Prognostic role of NLR, PLR, and LMR in patients with pulmonary embolism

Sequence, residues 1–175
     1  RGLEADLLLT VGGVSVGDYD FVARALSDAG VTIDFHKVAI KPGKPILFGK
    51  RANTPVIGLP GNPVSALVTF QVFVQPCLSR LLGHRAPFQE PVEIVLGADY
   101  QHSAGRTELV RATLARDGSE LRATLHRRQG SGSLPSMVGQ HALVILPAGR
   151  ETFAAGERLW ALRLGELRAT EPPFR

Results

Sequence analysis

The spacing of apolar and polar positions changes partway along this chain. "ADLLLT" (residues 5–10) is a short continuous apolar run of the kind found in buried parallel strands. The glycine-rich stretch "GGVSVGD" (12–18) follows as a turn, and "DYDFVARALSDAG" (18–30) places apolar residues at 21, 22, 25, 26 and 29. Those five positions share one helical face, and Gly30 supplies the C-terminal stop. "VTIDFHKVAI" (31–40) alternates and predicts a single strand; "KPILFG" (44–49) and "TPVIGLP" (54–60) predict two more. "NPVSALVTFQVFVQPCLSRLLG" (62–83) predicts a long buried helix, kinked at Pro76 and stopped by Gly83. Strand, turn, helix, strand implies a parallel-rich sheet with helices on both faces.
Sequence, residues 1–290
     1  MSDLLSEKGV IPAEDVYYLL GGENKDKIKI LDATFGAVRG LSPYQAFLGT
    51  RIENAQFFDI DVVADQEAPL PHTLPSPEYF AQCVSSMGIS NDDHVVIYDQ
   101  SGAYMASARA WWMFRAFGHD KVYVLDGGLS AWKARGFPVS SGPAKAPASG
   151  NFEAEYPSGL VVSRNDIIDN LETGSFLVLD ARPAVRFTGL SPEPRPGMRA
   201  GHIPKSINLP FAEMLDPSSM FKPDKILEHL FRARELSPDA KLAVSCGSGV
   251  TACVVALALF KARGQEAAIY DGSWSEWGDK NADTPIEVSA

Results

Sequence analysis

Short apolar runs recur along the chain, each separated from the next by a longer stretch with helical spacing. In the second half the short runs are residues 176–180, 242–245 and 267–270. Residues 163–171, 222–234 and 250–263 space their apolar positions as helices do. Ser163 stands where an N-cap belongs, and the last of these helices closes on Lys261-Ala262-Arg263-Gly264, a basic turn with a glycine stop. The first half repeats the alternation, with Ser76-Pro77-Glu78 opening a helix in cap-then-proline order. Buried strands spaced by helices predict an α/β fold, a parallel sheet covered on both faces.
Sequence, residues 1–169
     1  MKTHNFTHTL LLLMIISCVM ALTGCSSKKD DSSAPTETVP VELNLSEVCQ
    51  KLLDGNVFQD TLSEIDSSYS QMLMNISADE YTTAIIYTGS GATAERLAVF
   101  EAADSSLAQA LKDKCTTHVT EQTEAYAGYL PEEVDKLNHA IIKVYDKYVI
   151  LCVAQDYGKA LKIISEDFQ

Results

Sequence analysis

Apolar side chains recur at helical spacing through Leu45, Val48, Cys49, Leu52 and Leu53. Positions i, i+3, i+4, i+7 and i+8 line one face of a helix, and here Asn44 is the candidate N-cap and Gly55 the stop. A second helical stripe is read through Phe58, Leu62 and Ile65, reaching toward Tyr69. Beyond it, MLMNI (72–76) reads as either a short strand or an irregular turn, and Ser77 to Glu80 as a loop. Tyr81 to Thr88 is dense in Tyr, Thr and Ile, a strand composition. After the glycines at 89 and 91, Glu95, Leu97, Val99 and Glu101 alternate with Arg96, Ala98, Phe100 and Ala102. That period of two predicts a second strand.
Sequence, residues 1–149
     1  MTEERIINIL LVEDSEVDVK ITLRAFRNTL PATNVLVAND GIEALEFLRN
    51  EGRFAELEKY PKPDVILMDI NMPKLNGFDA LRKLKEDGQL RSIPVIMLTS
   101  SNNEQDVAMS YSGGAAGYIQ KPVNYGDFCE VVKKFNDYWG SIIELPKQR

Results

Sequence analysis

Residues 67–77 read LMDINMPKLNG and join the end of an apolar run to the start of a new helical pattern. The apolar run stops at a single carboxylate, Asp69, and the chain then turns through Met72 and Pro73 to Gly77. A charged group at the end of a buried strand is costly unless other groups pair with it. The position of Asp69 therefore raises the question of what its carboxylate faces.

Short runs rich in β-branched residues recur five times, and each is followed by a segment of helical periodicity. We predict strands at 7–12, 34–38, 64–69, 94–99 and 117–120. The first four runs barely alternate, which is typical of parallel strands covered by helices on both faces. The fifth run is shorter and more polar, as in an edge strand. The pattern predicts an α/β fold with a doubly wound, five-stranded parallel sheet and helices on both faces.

Pulmonary embolism (PE) is associated with significant morbidity and mortality. New biological markers are being investigated for estimating the prognosis of PE patients. Since PE is closely associated with inflammatory status, the neutrophil-lymphocyte (NLR), platelet-lymphocyte (PLR), and lymphocyte-monocyte (LMR) ratios were suggested to be useful in predicting patient outcomes. This study aimed to evaluate the prognostic role of NLR, PLR, and LMR in PE. A total of 103 PE cases from a cardiology department were included in the study. Control group consisted of 102 patients selected from outpatient clinics other than cardiology, cardiovascular surgery, and chest diseases. We retrospectively evaluated demographic and clinical characteristics, treatments, laboratory and imaging findings, and outcomes of patients. The median follow-up of PE patients was 39 months, and the 5-year overall survival probability was 73.8%. Out of 103 patients, 20 were classified as high risk PE cases (19.4%). Thrombolytic treatment was administered to 23 patients (22.3%). Systolic pulmonary arterial pressure was measured during one year, showing a significant decrease from 51.7 ± 15.7 mmHg at admission to 26.6 ± 4.0 mmHg at first year assessment. Age (OR: 1.06, p < 0.001) and NLR (OR: 1.52, p < 0.0019) were significantly associated with the disease status. The independent prognostic factors in moderate-low and low risk PE groups were NLR (HR: 1.17, p = 0.033) and LMR (HR: 1.58, p = 0.046). In moderate-high and high risk PE patients, the independent prognostic factors were age (HR: 1.07, p = 0.014) and PLR (HR: 1.01, p = 0.046). NLR, PLR, and LMR were associated with the prognosis of PE patients. The clinical severity of PE should be considered when utilizing these markers to assess patient outcomes.
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